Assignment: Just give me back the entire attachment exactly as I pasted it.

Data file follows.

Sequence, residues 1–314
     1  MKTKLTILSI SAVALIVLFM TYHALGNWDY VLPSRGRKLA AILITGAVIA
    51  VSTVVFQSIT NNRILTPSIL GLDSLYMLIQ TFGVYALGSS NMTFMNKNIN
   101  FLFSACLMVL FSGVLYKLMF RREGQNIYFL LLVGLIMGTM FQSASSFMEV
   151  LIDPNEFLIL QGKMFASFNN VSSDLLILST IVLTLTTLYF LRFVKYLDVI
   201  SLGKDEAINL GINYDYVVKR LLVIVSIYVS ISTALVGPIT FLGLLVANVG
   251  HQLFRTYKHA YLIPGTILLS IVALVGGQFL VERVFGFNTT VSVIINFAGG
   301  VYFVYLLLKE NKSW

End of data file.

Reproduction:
Sequence, residues 1–314
     1  MKTKLTILSI SAVALIVLFM TYHALGNWDY VLPSRGRKLA AILITGAVIA
    51  VSTVVFQSIT NNRILTPSIL GLDSLYMLIQ TFGVYALGSS NMTFMNKNIN
   101  FLFSACLMVL FSGVLYKLMF RREGQNIYFL LLVGLIMGTM FQSASSFMEV
   151  LIDPNEFLIL QGKMFASFNN VSSDLLILST IVLTLTTLYF LRFVKYLDVI
   201  SLGKDEAINL GINYDYVVKR LLVIVSIYVS ISTALVGPIT FLGLLVANVG
   251  HQLFRTYKHA YLIPGTILLS IVALVGGQFL VERVFGFNTT VSVIINFAGG
   301  VYFVYLLLKE NKSW